This guest post is written by Justin Holbrook @JustinHolbrook, a 4th Grade Teacher in Baltimore, Maryland. Check out more of his information at the end of the post. When thinking about designing a dream instructional block, questions start whipping through my brain like the frantic tornado scene from “The Wizard of Oz.”  How much time do I have?  What are the curriculum requirements selected by my leadership and/or district?  What does my group of students individually need to be successful?  The list goes on and on.  How then do we as educators sort through these reflective questions and design our instructional blocks to be effective yet efficient?

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My #OneWord for 2016 is believe. Although I am cheating a little bit, since believe is a word that we have been discussing as a school team all year! I’m definitely still focused on it for 2016! Believe in Yourself: If you want to make a difference in others, you must first have confidence in your own abilities. Know you can do it. Leadership is influence and anyone can be a leader at any time, but you must first believe you can make a positive difference in others. Believe in yourself by being you, but really be you. Be the best you that you can be. It’s so important that it’s written on our staff shirts and painted on the school walls this year. It’s even in our new cheer which starts, “B.E. Y.O.U. Believe in yourself and be the best you!”

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I’ve almost been trying NOT to use the term ‘grit’ because of how trendy it has become, but I’ve found it may be one of the best character traits we could possibly teach our students! Grit is courage and resolve; strength of character. It’s clenching the teeth, especially in order to keep one’s resolve when faced with a tough or difficult responsibility.

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“No! Try not! Do. Or do not. There is no try.” Yes, I’m excited! Can’t wait to see the next Star Wars movie soon, so I’m catching up with the original series with my oldest daughter and then bam! A lesson by Yoda! In Star Wars V Empire Strikes Back, Yoda challenged Luke Skywalker to believe he could use the force to mentally pick up his spaceship from the swamp. Luke ‘tried’ but didn’t really think he could do it. So guess what? You got it. He didn’t do it.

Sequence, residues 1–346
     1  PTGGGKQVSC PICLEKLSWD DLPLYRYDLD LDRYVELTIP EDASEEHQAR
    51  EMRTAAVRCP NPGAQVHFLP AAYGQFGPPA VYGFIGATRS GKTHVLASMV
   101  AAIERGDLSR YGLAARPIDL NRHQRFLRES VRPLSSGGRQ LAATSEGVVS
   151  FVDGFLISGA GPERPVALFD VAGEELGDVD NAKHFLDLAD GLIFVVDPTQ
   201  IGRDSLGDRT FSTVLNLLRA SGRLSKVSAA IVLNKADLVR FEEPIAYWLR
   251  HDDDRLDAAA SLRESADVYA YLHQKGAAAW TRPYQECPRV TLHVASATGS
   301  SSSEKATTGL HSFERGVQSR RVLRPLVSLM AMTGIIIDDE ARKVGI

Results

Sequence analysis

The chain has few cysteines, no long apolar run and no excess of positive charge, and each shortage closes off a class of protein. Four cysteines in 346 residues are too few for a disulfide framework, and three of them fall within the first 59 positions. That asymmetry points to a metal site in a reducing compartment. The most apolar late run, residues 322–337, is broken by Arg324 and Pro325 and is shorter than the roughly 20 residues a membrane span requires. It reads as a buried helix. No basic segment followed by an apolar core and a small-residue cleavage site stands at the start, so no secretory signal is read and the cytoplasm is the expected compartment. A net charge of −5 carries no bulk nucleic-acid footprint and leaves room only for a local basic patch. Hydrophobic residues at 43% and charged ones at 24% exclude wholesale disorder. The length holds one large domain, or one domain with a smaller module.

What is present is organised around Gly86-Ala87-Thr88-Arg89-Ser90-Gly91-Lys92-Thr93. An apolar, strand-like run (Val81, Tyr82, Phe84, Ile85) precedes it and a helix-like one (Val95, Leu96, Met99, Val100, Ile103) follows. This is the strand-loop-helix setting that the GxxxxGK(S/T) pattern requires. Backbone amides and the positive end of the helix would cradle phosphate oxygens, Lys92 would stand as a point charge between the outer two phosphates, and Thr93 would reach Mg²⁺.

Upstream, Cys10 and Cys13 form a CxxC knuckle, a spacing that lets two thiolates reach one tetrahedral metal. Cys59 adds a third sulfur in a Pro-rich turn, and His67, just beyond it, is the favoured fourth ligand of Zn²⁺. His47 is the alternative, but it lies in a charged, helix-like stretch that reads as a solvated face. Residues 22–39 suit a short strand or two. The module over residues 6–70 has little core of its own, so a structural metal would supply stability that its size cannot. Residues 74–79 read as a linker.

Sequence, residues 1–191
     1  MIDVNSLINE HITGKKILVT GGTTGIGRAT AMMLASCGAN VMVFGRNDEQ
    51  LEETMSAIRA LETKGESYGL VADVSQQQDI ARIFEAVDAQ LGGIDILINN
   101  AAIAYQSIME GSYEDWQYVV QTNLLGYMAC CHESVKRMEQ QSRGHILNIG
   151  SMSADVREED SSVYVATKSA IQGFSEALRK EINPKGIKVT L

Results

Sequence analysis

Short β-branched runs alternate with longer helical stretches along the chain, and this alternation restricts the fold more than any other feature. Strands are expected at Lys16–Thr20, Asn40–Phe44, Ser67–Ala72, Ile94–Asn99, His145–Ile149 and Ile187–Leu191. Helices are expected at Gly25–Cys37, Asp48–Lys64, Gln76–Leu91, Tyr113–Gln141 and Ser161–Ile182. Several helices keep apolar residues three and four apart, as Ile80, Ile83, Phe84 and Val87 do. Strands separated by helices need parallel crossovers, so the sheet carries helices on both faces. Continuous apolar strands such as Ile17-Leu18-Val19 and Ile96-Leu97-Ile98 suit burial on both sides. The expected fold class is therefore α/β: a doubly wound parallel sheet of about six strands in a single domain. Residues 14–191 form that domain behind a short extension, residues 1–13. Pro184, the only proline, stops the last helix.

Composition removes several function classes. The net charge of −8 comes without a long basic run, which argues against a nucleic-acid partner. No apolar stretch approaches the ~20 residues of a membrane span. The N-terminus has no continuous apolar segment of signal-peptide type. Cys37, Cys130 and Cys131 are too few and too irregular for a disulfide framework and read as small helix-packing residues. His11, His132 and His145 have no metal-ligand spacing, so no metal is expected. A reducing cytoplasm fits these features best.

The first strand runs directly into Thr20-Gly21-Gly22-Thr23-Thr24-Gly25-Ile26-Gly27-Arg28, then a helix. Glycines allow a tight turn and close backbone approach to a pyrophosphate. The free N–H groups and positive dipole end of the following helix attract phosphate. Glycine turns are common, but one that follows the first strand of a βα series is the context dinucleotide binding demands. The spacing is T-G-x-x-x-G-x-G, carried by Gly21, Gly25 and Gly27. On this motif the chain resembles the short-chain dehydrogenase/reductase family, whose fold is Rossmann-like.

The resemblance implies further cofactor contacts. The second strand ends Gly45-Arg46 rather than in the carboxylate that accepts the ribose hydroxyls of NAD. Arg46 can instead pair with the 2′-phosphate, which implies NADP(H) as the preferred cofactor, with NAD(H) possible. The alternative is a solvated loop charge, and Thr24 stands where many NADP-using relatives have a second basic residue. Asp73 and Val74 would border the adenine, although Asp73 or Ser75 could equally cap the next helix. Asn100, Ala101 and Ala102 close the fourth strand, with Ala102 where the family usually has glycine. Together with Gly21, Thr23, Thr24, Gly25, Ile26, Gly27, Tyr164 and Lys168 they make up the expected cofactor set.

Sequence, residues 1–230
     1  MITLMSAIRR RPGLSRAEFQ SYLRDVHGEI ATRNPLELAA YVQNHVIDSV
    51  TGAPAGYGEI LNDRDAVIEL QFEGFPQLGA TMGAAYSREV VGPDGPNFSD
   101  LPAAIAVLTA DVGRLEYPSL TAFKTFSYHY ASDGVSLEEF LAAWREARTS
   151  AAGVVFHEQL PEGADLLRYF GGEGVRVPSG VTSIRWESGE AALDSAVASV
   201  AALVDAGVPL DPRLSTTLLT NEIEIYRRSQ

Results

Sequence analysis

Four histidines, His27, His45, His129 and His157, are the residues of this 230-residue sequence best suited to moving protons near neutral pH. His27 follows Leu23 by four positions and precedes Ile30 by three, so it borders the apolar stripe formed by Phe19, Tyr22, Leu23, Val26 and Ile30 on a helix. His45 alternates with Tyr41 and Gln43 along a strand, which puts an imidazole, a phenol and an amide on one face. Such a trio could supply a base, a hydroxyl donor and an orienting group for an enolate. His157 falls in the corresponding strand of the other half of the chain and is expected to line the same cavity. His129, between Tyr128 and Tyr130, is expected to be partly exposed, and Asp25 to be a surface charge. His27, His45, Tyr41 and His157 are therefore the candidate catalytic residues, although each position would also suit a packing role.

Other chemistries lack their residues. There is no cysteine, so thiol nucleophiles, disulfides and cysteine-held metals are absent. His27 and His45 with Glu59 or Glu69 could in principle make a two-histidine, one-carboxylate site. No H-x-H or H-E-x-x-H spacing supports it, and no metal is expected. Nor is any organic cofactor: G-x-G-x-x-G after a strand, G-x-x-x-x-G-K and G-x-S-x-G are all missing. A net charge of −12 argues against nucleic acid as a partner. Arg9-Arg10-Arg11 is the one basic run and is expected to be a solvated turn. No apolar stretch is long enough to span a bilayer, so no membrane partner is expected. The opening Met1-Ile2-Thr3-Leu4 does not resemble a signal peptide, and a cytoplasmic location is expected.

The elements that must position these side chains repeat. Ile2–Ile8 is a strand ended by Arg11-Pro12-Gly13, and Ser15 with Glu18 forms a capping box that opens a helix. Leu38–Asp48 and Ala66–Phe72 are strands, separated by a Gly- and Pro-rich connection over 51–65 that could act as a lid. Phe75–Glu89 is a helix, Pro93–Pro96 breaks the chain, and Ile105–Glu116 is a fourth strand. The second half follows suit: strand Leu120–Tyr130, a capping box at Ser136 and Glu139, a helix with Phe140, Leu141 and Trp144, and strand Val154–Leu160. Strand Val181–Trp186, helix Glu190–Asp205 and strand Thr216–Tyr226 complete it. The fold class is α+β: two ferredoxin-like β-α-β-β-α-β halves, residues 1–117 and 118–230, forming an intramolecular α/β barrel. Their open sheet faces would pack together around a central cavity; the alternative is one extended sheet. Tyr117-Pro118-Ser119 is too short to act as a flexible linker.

This week is Inclusive Schools Week and we celebrate what it means to be inclusive through activities, readings, and discussions with our students. But why do we only talk about inclusive practices during this week? Inclusive Schools Week should be EVERY week! “Inclusive” is a powerful word. Remember that inclusive refers to mixed abilities but also diversity in cultures and backgrounds. How are we ensuring that every single student feels that they are included and wanted in our classrooms? It’s not just about what actions we take. It’s about the feelings and thoughts of our students.

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WE LOVE KIDS. We love making a positive difference in the future of students. We love feeling like our job matters and that the work is worth it in the long run. We radiate absolute joy when our students show growth and success. WE FEEL STRESSED. Like…all…the…time. Stressed about the tasks that have to be done. About the thousands of decisions and interactions that we make every single day. Because we are taking on the stress from our students in order to help their lives. From decisions others make that affects our daily routines.

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Why spend a Saturday or Sunday morning to literally walk or run around in circles? When I was younger, before kids, before other life experiences, I really struggled to understand what the purpose was for walks and runs for the many causes that came up throughout the year. But as life kicked in, I realized how important it is to support others and to pull in the support for yourself and your family when you need it. “Community” comes to mind and what that word should really mean.

Value each and every child in your classroom and school. Really. All of them. Not just the cute ones… Not just the funny ones… Not just the well-behaved ones… Not just the ones with supportive parents… All of them.

Even though there are so many reasons why a team may win or lose, the Steelers made an epic leadership mistake that cost them the game this week. They gave up on one of their players during the game.

I went into this position as a school leader thinking so much about what tasks have to get done and the programmatic changes that would need to be made. But as I reflect and gain experience (of course the best teacher) I realize that in most ways I had it all wrong. People’s feelings matter. 

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